Brandon Hill, a lead researcher at the Kinsey Institute, reminds doctors and public health officials: "It is important for researchers and clinicians not to assume that their definition of 'sex' is shared by their participant or patient, and to use behaviorally specific criteria when conducting sex-behavior assessments, especially when assessing risk of HIV/AIDS and other sexually transmitted infection transmission." The cautionary advice is paired with the release of his latest study, published in the journal AIDS Care, wherein 180 gay men in the UK between 18 to 56 years old and 190 gay men between 18 to 74 were asked what behaviors constituted "having sex."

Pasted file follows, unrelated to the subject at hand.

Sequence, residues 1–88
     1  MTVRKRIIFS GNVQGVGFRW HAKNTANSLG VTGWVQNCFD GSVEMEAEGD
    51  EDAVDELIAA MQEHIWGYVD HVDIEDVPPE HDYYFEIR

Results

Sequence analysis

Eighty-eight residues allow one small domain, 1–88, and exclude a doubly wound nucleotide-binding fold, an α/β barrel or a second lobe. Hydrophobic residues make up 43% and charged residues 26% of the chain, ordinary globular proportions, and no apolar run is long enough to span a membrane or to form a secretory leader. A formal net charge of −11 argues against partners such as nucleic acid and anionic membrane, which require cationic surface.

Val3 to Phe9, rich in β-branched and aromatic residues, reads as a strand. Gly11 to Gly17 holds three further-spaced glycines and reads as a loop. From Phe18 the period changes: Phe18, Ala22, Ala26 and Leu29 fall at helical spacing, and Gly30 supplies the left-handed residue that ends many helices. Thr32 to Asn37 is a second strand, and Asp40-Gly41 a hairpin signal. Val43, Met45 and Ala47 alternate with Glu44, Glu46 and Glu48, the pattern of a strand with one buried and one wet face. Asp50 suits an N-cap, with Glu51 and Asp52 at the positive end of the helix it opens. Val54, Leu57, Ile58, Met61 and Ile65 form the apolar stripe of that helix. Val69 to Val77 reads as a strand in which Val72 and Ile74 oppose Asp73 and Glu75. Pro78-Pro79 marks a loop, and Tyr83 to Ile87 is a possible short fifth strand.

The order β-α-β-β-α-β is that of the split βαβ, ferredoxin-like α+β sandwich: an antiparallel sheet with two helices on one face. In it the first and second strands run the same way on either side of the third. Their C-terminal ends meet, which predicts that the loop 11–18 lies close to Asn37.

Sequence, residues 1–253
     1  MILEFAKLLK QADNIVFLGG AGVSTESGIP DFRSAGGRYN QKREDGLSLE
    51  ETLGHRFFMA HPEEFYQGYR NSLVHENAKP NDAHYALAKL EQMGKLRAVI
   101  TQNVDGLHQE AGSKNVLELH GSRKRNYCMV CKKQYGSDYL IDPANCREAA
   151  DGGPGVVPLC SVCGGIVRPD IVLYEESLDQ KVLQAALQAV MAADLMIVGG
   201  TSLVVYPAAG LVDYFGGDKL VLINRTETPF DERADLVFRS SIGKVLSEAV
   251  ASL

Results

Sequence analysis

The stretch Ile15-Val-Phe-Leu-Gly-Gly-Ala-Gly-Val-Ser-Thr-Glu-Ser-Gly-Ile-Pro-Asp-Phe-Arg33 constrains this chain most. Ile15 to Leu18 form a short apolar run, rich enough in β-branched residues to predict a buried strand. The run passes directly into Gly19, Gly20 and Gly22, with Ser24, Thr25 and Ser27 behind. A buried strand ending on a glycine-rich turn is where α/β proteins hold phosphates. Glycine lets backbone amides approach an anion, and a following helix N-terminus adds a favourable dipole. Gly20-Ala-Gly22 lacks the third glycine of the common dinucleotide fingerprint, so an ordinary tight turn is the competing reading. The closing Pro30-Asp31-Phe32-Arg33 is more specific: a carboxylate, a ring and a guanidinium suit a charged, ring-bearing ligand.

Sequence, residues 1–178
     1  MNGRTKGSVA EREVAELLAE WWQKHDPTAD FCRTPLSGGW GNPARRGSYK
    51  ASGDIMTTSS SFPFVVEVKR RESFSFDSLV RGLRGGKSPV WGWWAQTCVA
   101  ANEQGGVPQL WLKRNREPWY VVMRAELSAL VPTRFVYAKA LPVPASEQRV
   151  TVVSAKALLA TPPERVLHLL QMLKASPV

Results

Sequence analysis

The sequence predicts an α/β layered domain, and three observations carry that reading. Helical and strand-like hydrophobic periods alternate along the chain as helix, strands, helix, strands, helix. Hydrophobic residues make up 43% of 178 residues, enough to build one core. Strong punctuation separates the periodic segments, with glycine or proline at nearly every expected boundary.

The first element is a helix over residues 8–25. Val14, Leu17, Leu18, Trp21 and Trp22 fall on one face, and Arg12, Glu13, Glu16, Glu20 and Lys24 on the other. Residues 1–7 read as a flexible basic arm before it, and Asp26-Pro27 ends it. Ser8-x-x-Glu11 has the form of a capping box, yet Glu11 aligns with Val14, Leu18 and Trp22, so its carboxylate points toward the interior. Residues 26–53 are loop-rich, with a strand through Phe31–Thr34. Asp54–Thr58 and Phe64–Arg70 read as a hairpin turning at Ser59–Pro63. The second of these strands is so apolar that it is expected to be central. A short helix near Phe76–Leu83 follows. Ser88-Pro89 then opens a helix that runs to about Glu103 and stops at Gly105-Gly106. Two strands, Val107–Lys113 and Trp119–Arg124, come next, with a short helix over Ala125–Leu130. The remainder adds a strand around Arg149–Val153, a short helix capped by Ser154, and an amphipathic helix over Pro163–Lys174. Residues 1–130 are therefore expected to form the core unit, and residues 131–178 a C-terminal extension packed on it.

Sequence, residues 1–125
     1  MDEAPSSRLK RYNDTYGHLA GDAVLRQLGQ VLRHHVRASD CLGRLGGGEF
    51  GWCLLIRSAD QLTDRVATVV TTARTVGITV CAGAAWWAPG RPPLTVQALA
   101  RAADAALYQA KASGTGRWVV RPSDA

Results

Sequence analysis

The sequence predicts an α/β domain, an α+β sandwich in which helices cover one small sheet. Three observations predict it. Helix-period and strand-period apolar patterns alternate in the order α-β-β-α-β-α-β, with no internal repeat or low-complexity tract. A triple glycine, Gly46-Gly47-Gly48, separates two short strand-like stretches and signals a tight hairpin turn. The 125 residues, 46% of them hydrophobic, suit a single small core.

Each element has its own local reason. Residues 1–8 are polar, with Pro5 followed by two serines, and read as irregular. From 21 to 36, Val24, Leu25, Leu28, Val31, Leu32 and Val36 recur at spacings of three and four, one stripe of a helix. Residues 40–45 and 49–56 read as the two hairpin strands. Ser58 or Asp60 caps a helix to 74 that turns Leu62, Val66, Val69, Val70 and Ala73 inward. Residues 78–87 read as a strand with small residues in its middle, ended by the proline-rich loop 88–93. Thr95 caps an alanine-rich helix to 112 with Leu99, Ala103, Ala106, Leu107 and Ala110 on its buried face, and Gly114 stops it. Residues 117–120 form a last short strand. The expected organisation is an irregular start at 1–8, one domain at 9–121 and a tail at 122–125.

Among other things, the study revealed that 5% of respondents did not believe penile-anal intercourse was considered "sex." It also revealed playing with sex toys was "sex" to 77.1% of UK respondents, but only 55% of American respondents. That could explain a thing or two.